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I'm migrating an existing application from running on bare EC2 instances to a containerized setup with ECS. I have two situations where I need to share data between containers. One is an EFS share that stores some static and media files, the other is a log directory so that I can use the Cloudwatch Logs agent in a sidecar container to push logs to Cloudwatch.

The webserver needs to be able to write data to both of these locations, but so far I haven't been able to make it happen. The logs directory is a local volume, and is owned by root:root. The EFS share which I set up following these instruction, is owned by 1000:xfs (no username). In neither case can my web user (www-data) write to these locations.

How can I tell ECS to mount volumes inside containers with a given owner and/or group?

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EDIT: Turns out this was a lot simpler than I was making it.

When you go to create a volume on ECS, it asks you for a name for the volume, and a "source path". When pressed for explanation it will specify that the source path is "The path on the host container instance that is presented to the container for this volume. If omitted, then the Docker daemon assigns a host path for you."

All very well and good, but it turns out that the difference is more than just "specifying a directory" vs "Docker picking a directory for you." This is the difference between a docker volume and a bind mount, and in fact if you docker inspect the container you will see that volumes for which you give ECS a "source path" get "Type": "bind", whereas volumes that don't specify get "Type": "volume".

One key difference between bind mounts and volumes is that while bind mounts inherit their ownership from the host filesystem, volumes inherit their ownership from the container filesystem. So the incredibly, frustratingly simple solution to my problem is just to make sure the directory exists in the image with the proper ownership, then create the volume in ECS without specifying a source path.

Incidentally, if your application involves multiple containers sharing the same volume, the volume will derive its permissions from the existing directory structure on whichever container gets up and running first. So you need to make sure that either a) the directory exists on all containers where the volume will be mounted, or b) the container that does have the directory in question is always launched first.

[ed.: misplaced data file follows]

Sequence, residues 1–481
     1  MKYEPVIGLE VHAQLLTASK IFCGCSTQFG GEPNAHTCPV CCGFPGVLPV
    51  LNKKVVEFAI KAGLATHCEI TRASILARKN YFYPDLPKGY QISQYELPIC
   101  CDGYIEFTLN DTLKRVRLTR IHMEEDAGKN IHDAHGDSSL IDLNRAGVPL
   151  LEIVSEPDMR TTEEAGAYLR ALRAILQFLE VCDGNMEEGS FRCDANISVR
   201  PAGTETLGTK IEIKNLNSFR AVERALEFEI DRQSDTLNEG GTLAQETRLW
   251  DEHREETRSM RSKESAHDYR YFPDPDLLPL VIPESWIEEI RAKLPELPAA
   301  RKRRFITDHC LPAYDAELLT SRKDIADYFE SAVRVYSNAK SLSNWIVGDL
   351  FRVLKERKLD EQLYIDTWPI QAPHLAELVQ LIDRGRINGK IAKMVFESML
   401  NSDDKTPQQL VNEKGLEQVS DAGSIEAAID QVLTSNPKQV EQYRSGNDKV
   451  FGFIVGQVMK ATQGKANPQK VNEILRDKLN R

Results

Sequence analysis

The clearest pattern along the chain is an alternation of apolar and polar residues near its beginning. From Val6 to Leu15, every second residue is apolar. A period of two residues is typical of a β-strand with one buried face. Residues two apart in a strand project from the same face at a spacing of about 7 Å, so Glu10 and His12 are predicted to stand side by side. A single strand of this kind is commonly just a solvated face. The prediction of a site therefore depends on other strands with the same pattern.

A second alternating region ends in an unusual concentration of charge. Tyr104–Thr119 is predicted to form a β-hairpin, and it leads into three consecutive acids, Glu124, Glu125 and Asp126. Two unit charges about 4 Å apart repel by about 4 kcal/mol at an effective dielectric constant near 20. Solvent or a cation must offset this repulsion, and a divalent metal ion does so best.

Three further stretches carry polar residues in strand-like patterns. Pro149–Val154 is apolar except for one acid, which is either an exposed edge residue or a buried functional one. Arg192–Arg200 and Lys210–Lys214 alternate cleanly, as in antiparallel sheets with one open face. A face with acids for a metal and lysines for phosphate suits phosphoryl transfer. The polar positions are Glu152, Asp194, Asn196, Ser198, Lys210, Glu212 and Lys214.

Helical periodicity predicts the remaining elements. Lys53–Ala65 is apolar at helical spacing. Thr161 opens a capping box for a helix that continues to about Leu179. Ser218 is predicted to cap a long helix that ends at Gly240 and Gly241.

I will leave my original solution below in case it's ever useful to anybody.

Original solution 1: tmpfs mounts

Docker volumes accept a driver_opts parameter which works similarly to the mount command on Linux systems. So one option is to use a tmpfs mount, which allows for options that set the owner and group of the resulting files. On ECS, this can be accomplished thusly:

{
  "name": "myvolume",
  "dockerVolumeConfiguration": {
    "scope": "task",
    "driver": "local",
    "driverOpts": {
      "type": "tmpfs",
      "device": "tmpfs",
      "o": "uid=1000,gid=1000"
    }
  }
}

This will create a volume owned by user and group 1000 within the container.

The downside of this method is that, being tmpfs, it stores files in the host memory. Depending on your use case, this may or may not be acceptable - for me it's not ideal, because I need to store log files which can grow quite large.

(Note that the type and device parameters under driverOpts here are equivalent to the type and device parameters for the Linux mount command. This took me quite some time and frustration to figure out.)

Original solution 2: Matching UID over NFS

NFS simply stores the owner/group of a file as a numeric id. The reason the group was showing up as xfs for me was because as part of my redeployment, I'm moving from Ubuntu to Alpine. In both cases I want to use www-data for the group, but www-data is user/group 33 on Ubuntu and 82 on Alpine. On Alpine, 33 already exists as the "X font server" user, hence, xfs.

I still don't have a perfect solution for a non-persistent, shared "scratch work" directory where I can dump logs while they wait to be sent up to Cloudwatch. I may simply end up using the tmpfs solution and then running logrotate with a very aggressive set of parameters, so that the log files never consume more than a few MB of memory.

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